Offline Joules

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Re: CNC Craft Cutter
« Reply #1 on: December 21, 2017, 12:57:57 PM »
Take a look at this.





It compliments my 3D printing.
Just get doing and make swarf, you can decide what its going to be later.   :thumbup:

Offline GordonL

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Re: CNC Craft Cutter
« Reply #2 on: December 21, 2017, 01:38:49 PM »
I bought a Silhouette Portrait about a year ago to cut gaskets. It is a smaller version of yours. It cost about $100 US. It works well for gaskets except that the parts must be resized when generated from a DXF. They are about 5% off so I measure some known dimension and then resize to something like 104.5% or whatever the the math tells me. So far I am pleased. I have some vinyl sheets to make logo's etc but have not used it yet.

Offline Joules

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Re: CNC Craft Cutter
« Reply #3 on: December 21, 2017, 01:41:23 PM »
Gordon did you run the calibration for the machine.  I did that first and checked the dimensions, since then everything has been spot on.
Just get doing and make swarf, you can decide what its going to be later.   :thumbup:

Offline GordonL

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Re: CNC Craft Cutter
« Reply #4 on: December 22, 2017, 07:51:21 AM »
I did not know there was a calibration procedure. I will have to look into that. Thanks.

Offline Joules

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Re: CNC Craft Cutter
« Reply #5 on: December 22, 2017, 08:52:56 AM »
Glad to help Gordon, the calibration screens are under the SEND menu in Silhouette Studio, right click on the cutter icon at the bottom of the page and it brings up another menu where you can select calibration.  At least I hope that option is correct for your machine.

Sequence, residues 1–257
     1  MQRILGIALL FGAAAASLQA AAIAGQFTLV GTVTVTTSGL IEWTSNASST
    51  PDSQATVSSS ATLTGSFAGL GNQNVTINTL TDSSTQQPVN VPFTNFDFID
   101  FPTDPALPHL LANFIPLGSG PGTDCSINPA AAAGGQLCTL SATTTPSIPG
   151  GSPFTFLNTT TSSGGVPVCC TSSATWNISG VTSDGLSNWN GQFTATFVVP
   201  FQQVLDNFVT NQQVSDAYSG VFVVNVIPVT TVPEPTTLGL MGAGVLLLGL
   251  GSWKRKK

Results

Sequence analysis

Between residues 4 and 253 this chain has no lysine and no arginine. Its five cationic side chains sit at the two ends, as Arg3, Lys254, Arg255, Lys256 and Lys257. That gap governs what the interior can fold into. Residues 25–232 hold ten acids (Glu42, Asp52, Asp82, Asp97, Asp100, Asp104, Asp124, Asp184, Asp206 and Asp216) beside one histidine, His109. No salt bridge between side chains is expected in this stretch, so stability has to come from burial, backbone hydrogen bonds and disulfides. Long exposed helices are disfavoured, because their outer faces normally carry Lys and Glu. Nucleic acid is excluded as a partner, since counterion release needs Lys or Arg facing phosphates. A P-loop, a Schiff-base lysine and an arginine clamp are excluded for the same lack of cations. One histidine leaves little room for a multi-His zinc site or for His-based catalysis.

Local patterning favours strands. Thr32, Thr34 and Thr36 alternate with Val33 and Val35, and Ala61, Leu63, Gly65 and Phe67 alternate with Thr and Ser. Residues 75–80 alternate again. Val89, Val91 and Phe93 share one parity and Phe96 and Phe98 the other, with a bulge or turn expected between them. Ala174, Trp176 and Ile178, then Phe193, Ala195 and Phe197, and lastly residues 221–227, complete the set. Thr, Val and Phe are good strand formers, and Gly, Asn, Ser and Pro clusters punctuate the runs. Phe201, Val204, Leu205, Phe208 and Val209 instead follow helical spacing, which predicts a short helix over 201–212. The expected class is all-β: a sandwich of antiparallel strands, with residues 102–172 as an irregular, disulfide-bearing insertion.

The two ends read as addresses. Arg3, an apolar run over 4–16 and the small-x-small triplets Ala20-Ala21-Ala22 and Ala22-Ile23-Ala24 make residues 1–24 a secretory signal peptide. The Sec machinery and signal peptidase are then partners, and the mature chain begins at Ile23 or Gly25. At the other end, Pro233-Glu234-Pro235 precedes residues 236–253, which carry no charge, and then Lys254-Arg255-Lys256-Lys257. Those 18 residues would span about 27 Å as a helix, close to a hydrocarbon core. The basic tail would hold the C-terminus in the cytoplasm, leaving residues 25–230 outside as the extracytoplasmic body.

Had a play this morning with my modded blade holder and resharpened blade to see what it could do.  The example is 15 micron kitchen foil, the larger outline cut is 1.5mm, the small was attempted at 0.5mm.  It cut most of it, the tack on my new mat was too much for the foil really, but you can carefully peel the foil away.  My resharpened blade did pick up the foil on the left side, hence it missing, but did the rest of the cut OK.  I need to investigate using small less tacky patches on the main carrier, perhaps Post It Note tackiness would work.  You also need a really clean surface as the tacky stuff picks up dirt like a magnet and on really thin stuff this embosses the material.  My resharpened blade working fine on vinyl, so I know I can extend my blade life without too much trouble.
Just get doing and make swarf, you can decide what its going to be later.   :thumbup:

Offline Brass_Machine

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Re: CNC Craft Cutter
« Reply #6 on: December 22, 2017, 11:02:20 AM »
This is one for my futures... I have been planning on getting one of these. Interested in doing gaskets and some vinyl.

Science is fun.

We're all mad here. I'm mad. You're mad.

Offline Joules

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Re: CNC Craft Cutter
« Reply #7 on: December 22, 2017, 12:53:16 PM »
Eric, look carefully for what you need.  I bought the Silhouette for business use as it works offline and I wonít have issues with confidential work being on the Cloud.  The CriCut Maker would be my machine of choice other than the software is Cloud based.  This isnít a problem for hobby stuff, you do need a good network connection for the online software though.

Another thing comparing both machines. The Cameo 3 has a blade force of 210 grams and the Maker 4000 grams.  That means the Maker can handle much heavier materials, combined with the steerable blade makes this a very interesting machine for model making.  Loads of online videos once you can ignore 90% of the presenters and concentrate on the machine.
Just get doing and make swarf, you can decide what its going to be later.   :thumbup: